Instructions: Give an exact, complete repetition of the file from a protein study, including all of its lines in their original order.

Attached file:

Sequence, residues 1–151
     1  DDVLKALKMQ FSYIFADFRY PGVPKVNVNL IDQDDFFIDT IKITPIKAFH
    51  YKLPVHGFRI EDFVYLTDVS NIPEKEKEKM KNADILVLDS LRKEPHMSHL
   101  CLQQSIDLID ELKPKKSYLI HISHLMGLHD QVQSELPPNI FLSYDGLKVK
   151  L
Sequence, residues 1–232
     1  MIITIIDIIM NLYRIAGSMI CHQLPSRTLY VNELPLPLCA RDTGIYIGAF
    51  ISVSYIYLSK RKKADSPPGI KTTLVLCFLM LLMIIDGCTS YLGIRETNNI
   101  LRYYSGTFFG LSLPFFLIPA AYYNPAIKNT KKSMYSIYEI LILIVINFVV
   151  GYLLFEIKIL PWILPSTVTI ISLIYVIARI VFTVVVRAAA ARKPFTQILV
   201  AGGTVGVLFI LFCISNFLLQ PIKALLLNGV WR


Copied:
Sequence, residues 1–151
     1  DDVLKALKMQ FSYIFADFRY PGVPKVNVNL IDQDDFFIDT IKITPIKAFH
    51  YKLPVHGFRI EDFVYLTDVS NIPEKEKEKM KNADILVLDS LRKEPHMSHL
   101  CLQQSIDLID ELKPKKSYLI HISHLMGLHD QVQSELPPNI FLSYDGLKVK
   151  L
Sequence, residues 1–232
     1  MIITIIDIIM NLYRIAGSMI CHQLPSRTLY VNELPLPLCA RDTGIYIGAF
    51  ISVSYIYLSK RKKADSPPGI KTTLVLCFLM LLMIIDGCTS YLGIRETNNI
   101  LRYYSGTFFG LSLPFFLIPA AYYNPAIKNT KKSMYSIYEI LILIVINFVV
   151  GYLLFEIKIL PWILPSTVTI ISLIYVIARI VFTVVVRAAA ARKPFTQILV
   201  AGGTVGVLFI LFCISNFLLQ PIKALLLNGV WR